Judge “deeply troubled” by company offer to buy Flint water leases
FLINT, MI – New York company offers some sort of payday advance to those with Flint water crisis claims, and federal judge says she is “deeply troubled” by the development .
MC Law Funding is soliciting residents who have signed up to file claims under the proposed $ 641 million water crisis settlement, offering to pay them now in exchange for the right to their claims against the state of Michigan, the City of Flint, the McLaren Regional Medical Center, and Rowe Professional Services.
U.S. District Court Judge Judith Levy and Special Petty Officer Deborah Greenspan said Wednesday, August 25 that the regulations themselves prohibit payments to third parties and suggested that residents of Flint could deceive themselves even if the company was allowed to conclude transactions.
Levy, who has yet to give final approval to the settlement, heard Greenspan’s report on MC Law’s solicitations at a status conference on Wednesday, August 25.
“Here is my concern. I am deeply disturbed by this part of your report, ”Levy told Greenspan, whom she appointed as a special master to develop and implement the water crisis resolution program. “Before being appointed a judge, I was in contact with organizations like MC Law Funding, (which) were trying to solicit or work with… victims in the cases I was carrying.
“My experience in these cases – and it was not MC Law – was that the entities were paying pennies on the dollar of what might be a claim, and the individual forfeited his right to full recovery if he s ‘was engaging with them, “Levy mentioned.
MLive-The Flint Journal was unable to immediately reach a representative from MC Law for comment on Thursday, August 26.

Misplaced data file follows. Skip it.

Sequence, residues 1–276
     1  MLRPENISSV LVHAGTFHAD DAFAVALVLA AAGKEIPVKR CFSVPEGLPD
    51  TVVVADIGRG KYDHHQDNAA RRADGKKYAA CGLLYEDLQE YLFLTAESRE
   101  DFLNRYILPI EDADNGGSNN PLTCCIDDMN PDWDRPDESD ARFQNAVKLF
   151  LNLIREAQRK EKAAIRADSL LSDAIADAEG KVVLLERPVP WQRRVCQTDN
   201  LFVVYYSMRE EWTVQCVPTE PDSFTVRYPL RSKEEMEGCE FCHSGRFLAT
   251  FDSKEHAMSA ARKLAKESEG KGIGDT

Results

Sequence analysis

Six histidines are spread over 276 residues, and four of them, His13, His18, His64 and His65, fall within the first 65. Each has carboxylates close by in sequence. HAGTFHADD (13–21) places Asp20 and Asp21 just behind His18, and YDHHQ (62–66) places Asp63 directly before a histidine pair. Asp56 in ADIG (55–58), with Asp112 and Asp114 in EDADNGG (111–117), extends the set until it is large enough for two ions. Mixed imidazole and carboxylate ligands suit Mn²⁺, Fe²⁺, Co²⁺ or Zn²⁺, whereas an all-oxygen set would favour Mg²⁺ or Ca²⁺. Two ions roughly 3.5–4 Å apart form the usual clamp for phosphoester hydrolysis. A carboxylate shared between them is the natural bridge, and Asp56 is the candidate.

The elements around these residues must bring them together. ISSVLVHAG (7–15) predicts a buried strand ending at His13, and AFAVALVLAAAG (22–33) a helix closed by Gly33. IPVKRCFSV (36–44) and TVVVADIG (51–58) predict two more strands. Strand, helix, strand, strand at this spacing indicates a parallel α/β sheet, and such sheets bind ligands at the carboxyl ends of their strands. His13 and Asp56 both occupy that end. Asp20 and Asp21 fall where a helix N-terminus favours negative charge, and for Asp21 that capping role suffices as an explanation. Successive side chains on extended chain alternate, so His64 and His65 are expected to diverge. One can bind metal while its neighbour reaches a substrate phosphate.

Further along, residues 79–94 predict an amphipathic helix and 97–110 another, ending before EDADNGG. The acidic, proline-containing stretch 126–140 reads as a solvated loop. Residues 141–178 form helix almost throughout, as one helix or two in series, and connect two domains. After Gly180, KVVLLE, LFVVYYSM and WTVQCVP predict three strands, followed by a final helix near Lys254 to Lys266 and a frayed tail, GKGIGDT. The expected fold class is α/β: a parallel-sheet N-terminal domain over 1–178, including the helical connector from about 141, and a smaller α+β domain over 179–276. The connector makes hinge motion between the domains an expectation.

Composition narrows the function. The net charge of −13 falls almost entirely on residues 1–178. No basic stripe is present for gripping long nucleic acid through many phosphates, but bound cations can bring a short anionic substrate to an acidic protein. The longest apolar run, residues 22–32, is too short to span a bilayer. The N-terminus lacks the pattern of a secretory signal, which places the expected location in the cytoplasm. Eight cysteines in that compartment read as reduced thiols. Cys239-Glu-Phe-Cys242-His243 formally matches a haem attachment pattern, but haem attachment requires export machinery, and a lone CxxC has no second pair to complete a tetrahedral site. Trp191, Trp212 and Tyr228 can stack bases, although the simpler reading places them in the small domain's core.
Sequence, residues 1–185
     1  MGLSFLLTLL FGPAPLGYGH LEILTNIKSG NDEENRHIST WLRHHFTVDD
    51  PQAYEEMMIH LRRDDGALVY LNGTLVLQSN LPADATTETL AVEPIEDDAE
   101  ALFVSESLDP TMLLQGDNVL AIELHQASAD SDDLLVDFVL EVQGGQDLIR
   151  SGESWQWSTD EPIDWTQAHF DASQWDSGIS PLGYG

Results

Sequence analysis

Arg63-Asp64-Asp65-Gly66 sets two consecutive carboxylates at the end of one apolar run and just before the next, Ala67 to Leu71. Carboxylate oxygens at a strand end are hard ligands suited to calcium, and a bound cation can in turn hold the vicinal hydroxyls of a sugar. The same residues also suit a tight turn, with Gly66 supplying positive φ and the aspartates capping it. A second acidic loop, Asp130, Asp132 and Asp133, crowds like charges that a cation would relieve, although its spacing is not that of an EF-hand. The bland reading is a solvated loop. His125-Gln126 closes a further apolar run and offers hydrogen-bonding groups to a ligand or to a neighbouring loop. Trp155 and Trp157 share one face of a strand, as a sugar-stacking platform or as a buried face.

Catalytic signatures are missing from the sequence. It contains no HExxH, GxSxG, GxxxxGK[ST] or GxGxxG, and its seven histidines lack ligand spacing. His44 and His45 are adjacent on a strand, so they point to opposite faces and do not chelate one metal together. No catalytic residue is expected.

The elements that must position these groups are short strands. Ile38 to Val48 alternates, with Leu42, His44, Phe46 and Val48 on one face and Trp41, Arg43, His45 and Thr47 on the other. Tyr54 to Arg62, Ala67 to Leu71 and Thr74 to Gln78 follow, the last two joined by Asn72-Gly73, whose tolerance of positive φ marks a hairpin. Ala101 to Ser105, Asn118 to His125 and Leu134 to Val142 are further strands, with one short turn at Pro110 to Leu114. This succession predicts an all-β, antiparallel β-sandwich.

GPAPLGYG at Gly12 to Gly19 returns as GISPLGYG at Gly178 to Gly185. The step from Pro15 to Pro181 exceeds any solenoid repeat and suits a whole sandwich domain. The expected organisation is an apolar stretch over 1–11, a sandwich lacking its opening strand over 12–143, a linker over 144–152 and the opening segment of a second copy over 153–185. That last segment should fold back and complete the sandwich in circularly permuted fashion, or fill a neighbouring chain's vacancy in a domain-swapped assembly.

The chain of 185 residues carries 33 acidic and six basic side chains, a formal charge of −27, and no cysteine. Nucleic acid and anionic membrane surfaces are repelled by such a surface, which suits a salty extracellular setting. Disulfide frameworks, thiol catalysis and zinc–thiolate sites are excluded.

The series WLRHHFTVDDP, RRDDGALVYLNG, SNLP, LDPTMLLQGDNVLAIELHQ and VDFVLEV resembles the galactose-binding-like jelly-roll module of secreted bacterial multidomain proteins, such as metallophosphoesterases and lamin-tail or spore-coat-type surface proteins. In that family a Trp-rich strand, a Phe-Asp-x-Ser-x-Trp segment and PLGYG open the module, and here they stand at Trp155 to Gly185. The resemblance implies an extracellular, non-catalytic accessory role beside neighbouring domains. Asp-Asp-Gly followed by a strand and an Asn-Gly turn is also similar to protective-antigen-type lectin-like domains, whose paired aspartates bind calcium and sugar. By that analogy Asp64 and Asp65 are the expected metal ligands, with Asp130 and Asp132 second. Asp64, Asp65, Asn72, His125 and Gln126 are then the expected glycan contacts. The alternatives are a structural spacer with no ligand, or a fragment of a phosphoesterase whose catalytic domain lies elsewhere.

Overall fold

The company says on its website that it “provides money to customers through a partnership in your case.”
“We provide you with the funds to pay your legal fees, medical bills or whatever you need. You get peace of mind and a partner in your legal action, ”the website says.
MC Law says it funds a variety of legal claims, including those related to traffic accidents, slips and falls, and civil rights. A section of the website is dedicated to Flint’s water claims and includes an online payment application.
“These types of deals are meant to generate a profit for the company providing the upfront payment,” said Greenspan. “I know there is a … app for people to learn about selling their receivables, which is basically what it (is).”
Greenspan said the settlement itself prohibits payment to a third party and “contains other provisions protecting settlement funds from surrender and modification to protect those funds.”
The proposed settlement, nearly 80 percent of which would be paid to children who were under the age of 18 when they were first exposed to the water from the Flint River, also contains strict controls over claims filed on behalf of minors.
The sale of these claims “appears to be in violation of these protective provisions,” according to Greenspan, who said the claims administrator “is prohibited from issuing payments directly to anyone other than the approved claimant” or his lawyer.
Michigan Attorney General Dana Nessel said in a statement to the Journal that residents should ignore solicitations that offer to prepay them less than what they are entitled to collect.
“To see a company view this historic settlement as a business opportunity is deeply troubling, but not surprising,” says Nessel’s statement. “We anticipated this and prepared accordingly by ensuring that the settlement agreement itself contains provisions prohibiting payments to these types of companies.
“It is also relevant to point out that Michigan law provides protections for minors that could prohibit or significantly limit the sale of a minor’s debt. I urge anyone who files a complaint to ignore these types of ads. They will only inflict more hardship while being disguised as additional support. “
Levy granted preliminary approval for the water by-law in January and conducted a fairness hearing before deciding whether or not to grant final approval. She said she wondered if the regulations meet the minimum requirements of being fair, adequate and reasonable.
More than 85,500 people have signed up to file claims for a portion of the $ 641 million, but legal authorities have said about 35,000 of those records appear to be or could be duplicates or were filed after the deadline. March 29.
Learn more about MLive:
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Judge gives preliminary approval to settle $ 641 million Flint water crisis
More than half of Flint residents have signed up for part of the water crisis settlement